8. I will fly it a while as is, that’s not really an option as the aviation world doesn’t move fast when it comes to engines. im sure it runs well, it comes down to confidence. If I flew a plane for the last 1000 hours till tbo, and was happy, I’d have no problem going beyond tbo because of confidence. buying an engine with two prop strikes, and not really knowing how it was flown by previous owners makes that confidence a little hard to obtain. I don’t want to spend money like I have it to waste, because I don’t, but I also don’t want to have a nagging fear that keeps me from hopping in my plane any time I want. maybe I fly 10-20 hours and it comes. Won’t really know that until it happens, expect the best and prepare for the worst.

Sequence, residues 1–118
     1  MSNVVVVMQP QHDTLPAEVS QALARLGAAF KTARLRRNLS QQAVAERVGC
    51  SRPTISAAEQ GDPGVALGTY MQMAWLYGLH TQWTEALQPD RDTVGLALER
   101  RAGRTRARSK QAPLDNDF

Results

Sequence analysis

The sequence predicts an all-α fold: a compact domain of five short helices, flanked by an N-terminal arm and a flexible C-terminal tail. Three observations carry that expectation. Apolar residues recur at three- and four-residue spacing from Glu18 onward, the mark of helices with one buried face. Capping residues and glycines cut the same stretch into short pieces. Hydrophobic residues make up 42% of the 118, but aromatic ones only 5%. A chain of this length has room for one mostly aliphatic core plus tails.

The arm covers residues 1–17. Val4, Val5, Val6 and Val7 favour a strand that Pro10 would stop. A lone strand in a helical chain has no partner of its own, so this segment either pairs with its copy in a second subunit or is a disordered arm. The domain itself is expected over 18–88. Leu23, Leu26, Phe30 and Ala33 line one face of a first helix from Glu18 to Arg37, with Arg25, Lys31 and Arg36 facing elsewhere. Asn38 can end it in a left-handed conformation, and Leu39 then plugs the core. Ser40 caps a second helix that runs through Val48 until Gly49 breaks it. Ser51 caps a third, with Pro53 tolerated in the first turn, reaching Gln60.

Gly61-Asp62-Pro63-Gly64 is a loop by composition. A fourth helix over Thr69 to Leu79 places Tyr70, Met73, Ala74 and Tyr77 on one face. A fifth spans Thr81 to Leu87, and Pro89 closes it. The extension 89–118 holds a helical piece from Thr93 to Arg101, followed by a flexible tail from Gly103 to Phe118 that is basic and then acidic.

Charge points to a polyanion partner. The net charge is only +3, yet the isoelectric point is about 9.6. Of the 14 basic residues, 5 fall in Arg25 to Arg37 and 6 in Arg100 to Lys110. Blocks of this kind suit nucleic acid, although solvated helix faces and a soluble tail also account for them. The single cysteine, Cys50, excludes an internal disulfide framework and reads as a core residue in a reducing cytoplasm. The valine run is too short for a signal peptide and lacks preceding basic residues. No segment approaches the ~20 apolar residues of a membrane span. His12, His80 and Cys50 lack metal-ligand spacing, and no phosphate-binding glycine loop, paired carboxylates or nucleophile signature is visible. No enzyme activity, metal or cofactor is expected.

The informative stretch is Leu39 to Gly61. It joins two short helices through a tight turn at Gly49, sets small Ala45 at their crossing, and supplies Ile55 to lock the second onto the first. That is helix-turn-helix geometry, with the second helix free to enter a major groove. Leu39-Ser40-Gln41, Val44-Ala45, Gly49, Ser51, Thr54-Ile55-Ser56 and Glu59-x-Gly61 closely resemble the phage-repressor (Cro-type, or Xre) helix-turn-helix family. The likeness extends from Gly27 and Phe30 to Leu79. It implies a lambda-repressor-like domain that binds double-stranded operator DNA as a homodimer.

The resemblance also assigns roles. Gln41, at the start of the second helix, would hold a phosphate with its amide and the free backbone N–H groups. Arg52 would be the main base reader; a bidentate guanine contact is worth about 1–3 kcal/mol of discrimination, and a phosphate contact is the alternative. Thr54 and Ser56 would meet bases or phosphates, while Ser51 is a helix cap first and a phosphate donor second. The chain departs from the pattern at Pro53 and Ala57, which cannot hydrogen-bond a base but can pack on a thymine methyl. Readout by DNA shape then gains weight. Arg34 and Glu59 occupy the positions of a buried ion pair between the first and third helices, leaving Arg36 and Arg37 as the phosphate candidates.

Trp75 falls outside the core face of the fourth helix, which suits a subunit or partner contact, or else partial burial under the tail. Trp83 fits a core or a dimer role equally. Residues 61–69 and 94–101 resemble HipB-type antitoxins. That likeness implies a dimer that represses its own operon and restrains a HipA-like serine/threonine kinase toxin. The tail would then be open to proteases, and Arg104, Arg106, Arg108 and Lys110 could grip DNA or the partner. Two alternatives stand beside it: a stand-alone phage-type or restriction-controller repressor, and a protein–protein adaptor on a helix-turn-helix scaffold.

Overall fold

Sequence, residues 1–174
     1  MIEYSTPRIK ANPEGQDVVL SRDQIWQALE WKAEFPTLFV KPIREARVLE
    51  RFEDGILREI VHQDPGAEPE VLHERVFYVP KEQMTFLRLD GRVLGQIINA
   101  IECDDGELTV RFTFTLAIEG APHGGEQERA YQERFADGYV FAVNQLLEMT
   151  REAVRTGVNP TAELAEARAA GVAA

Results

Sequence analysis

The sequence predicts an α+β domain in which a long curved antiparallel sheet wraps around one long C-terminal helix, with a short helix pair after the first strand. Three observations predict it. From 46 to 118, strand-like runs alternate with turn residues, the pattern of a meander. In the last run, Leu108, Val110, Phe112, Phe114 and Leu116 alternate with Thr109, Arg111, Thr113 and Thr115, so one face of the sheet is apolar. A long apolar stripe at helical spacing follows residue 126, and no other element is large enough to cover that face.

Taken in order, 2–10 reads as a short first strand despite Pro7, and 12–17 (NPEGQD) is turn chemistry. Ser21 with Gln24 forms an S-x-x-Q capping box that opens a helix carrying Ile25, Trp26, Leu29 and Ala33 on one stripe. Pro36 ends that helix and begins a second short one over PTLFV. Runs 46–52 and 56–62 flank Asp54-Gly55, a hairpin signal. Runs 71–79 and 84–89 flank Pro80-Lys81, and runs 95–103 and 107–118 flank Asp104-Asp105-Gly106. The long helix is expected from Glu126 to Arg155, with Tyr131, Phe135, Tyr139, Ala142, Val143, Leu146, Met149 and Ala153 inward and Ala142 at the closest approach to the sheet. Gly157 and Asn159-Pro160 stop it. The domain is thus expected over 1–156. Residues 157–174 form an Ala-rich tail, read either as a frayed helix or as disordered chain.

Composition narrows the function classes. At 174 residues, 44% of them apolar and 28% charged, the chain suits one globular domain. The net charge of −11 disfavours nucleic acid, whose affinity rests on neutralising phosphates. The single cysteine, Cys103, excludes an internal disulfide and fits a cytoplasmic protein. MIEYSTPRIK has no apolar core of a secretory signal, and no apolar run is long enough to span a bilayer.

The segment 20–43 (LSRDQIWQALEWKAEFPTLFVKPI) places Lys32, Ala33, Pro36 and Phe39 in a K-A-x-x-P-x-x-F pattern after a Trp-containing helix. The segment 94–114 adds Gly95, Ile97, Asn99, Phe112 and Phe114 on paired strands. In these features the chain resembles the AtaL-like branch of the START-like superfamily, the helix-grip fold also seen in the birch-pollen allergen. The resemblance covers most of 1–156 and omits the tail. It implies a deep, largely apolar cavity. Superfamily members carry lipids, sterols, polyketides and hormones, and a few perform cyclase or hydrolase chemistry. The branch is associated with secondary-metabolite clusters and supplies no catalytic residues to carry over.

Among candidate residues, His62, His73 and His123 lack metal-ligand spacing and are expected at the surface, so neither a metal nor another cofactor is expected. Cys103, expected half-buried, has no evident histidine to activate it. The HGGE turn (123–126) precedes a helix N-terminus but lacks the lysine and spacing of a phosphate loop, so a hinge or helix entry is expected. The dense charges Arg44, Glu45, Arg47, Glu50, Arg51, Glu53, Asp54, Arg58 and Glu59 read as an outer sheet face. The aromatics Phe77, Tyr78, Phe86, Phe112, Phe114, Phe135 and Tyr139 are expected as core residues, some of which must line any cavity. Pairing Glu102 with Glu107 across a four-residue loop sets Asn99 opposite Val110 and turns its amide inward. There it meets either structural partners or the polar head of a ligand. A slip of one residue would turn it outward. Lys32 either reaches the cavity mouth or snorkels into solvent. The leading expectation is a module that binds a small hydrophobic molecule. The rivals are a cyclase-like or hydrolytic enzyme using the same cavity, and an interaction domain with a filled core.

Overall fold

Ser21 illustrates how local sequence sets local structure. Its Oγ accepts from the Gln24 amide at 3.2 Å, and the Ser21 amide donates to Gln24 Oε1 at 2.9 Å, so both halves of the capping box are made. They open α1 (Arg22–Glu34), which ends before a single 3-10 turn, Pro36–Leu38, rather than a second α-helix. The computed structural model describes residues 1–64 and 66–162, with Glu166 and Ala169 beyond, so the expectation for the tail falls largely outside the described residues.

9. Hi all, Thought i would lean on the experience of the group here again. i am thinking about an engine upgrade. i wrote to Continental for a quote for a factory reman and they referred me to AirPower who just sent me a quote for $86k for a reman and $107 for a factory new engine. is this appropriate or are there other options? I personally don't really have a problem with a field rebuild, and plan to fly it for at least a few years after, if not more. Lastly, is there any real benefit or performance to the Victor engines? They don't seem to be any more than the factory ones but the options for balancing, stress relieving, the matched machining, and the corrosion resistance for where i live. Thoughts?
  10. Can anyone tell me where i can find a list of AD's and Service Bulletins? The mooney site shows some of the SB's but none of the AD's